September 2011
Volume 11, Issue 11
Free
Vision Sciences Society Annual Meeting Abstract  |   September 2011
The persistence of global form (Part I): Stimulus inversion influences V1 fMRI activity
Author Affiliations
  • Lars Strother
    Department of Physiology and Pharmacology, University of Western Ontario, Canada
    Centre for Brain and Mind, University of Western Ontario, Canada
  • P. S. Mathuranath
    Department of Physiology and Pharmacology, University of Western Ontario, Canada
    Centre for Brain and Mind, University of Western Ontario, Canada
  • Cheryl Lavell
    Department of Physiology and Pharmacology, University of Western Ontario, Canada
    Centre for Brain and Mind, University of Western Ontario, Canada
  • Adrian Aldcroft
    Department of Physiology and Pharmacology, University of Western Ontario, Canada
  • Melvyn Goodale
    Department of Psychology, University of Western Ontario, Canada
    Centre for Brain and Mind, University of Western Ontario, Canada
  • Tutis Vilis
    Department of Physiology and Pharmacology, University of Western Ontario, Canada
    Centre for Brain and Mind, University of Western Ontario, Canada
Journal of Vision September 2011, Vol.11, 1092. doi:10.1167/11.11.1092
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      Lars Strother, P. S. Mathuranath, Cheryl Lavell, Adrian Aldcroft, Melvyn Goodale, Tutis Vilis; The persistence of global form (Part I): Stimulus inversion influences V1 fMRI activity. Journal of Vision 2011;11(11):1092. doi: 10.1167/11.11.1092.

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      © ARVO (1962-2015); The Authors (2016-present)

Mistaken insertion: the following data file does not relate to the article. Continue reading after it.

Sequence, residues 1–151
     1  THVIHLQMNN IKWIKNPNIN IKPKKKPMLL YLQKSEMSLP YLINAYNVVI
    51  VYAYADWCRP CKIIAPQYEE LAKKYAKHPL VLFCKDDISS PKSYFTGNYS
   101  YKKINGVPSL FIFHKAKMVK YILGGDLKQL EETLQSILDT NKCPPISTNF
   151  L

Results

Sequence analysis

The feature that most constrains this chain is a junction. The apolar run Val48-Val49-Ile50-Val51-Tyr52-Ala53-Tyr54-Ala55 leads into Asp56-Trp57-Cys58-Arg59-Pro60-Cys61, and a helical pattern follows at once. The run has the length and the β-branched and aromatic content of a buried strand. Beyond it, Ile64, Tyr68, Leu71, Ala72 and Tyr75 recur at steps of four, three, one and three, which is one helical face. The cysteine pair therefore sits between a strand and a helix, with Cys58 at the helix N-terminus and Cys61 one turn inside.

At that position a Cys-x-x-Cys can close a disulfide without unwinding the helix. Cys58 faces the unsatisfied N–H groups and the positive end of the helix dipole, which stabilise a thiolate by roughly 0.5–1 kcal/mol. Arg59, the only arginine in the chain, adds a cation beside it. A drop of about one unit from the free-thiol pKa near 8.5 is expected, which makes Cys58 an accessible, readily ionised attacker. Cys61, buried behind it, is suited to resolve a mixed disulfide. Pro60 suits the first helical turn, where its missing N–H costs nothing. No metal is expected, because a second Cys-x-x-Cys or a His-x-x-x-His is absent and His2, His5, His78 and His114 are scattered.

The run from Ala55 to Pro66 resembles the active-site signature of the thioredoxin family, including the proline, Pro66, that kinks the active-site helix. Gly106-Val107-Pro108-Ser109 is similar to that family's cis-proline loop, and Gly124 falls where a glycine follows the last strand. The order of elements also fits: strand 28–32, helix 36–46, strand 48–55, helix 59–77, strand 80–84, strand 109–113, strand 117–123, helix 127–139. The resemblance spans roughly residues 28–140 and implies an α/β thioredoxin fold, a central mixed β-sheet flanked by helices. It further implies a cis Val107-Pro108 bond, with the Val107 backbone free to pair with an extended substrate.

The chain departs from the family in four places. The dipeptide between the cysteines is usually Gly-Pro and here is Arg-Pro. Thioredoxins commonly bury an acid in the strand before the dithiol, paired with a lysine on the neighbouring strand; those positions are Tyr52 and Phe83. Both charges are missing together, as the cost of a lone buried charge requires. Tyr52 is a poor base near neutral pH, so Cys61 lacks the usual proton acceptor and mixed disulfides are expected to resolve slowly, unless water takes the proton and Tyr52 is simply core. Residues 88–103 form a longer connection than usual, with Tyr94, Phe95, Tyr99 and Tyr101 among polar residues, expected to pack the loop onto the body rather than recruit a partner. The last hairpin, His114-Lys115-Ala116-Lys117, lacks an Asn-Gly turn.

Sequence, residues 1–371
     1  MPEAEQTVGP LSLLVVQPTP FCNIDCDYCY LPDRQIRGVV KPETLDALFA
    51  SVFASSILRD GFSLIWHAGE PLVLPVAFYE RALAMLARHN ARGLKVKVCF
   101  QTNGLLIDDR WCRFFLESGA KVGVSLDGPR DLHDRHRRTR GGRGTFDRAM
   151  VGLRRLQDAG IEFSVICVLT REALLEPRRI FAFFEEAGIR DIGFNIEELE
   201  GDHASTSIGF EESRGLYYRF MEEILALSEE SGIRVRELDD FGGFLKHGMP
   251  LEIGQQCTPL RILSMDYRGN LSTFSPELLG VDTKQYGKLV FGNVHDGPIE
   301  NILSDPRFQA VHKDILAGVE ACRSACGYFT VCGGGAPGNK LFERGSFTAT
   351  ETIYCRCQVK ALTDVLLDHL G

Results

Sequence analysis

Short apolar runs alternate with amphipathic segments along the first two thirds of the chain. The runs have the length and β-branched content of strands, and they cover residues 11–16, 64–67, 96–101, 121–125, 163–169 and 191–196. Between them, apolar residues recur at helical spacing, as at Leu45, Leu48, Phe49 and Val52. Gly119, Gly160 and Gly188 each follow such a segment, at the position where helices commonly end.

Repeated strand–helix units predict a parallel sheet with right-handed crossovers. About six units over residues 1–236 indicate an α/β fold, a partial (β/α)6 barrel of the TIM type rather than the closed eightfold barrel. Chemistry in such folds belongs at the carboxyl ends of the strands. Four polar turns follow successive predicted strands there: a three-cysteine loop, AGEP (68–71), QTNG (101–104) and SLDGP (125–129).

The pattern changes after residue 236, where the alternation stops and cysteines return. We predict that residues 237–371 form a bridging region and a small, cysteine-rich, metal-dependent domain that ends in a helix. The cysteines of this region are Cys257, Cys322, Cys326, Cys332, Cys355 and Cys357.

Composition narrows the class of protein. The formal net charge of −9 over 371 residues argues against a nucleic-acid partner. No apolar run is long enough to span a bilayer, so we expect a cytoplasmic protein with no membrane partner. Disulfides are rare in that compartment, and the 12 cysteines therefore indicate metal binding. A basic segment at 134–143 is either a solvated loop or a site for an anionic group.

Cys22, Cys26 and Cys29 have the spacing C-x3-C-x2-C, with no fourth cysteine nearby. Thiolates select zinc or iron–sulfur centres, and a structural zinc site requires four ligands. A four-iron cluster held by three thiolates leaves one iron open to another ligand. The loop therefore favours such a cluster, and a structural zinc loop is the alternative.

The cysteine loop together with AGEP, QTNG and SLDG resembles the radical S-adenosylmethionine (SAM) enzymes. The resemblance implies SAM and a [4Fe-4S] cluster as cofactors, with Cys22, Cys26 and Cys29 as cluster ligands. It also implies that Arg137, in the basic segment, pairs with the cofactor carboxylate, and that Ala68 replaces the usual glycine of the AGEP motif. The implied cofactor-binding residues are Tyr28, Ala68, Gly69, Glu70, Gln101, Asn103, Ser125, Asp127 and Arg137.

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Abstract

The human visual system uses feedforward and feedback mechanisms to achieve and maintain the figure-ground segregation of global form. One way to study figure-ground segregation is to measure the visual persistence of global form, a type of short-term perceptual memory. Studies of persistence have shown that figure-ground segregation is maintained by the visual system for up to a few seconds following the removal of perceptual binding cues that originally led to segregation. Previous studies showed persistence-related fMRI activity in human lateral occipital cortex, but failed to show persistence-related fMRI activity in V1. If persistence were observed in V1 it would suggest that feedback from high-level visual areas influence the participation of V1 in the persistence of global form. We presented observers with outlines of faces and animals that were camouflaged until they moved; these figures were either upright or inverted. We found that both upright and inverted figures persisted for up to several seconds (measured behaviorally) after they stopped moving, but that upright figures persisted longer than inverted versions of the same stimuli. We measured persistence-related fMRI activity in several occipito-temporal regions of interest (ROIs): object-selective lateral occipital cortex (LO); face-selective occipital cortex (OFA) and the fusiform face area (FFA); and several early visual ROIs (V1, V2, V3, V4v). We observed an effect of inversion on persistence in all of our ROIs, including V1. Our findings suggest that V1 fMRI activity is influenced by the orientation of an object, even though upright and inverted versions of the same figure contain equivalent low-level stimulus information. We propose that LO and other higher-tier visual areas—including the OFA and the FFA—are part of a recurrent processing network, and that these areas facilitate visual processing in V1 via feedback. We further investigate this possibility in Part II.

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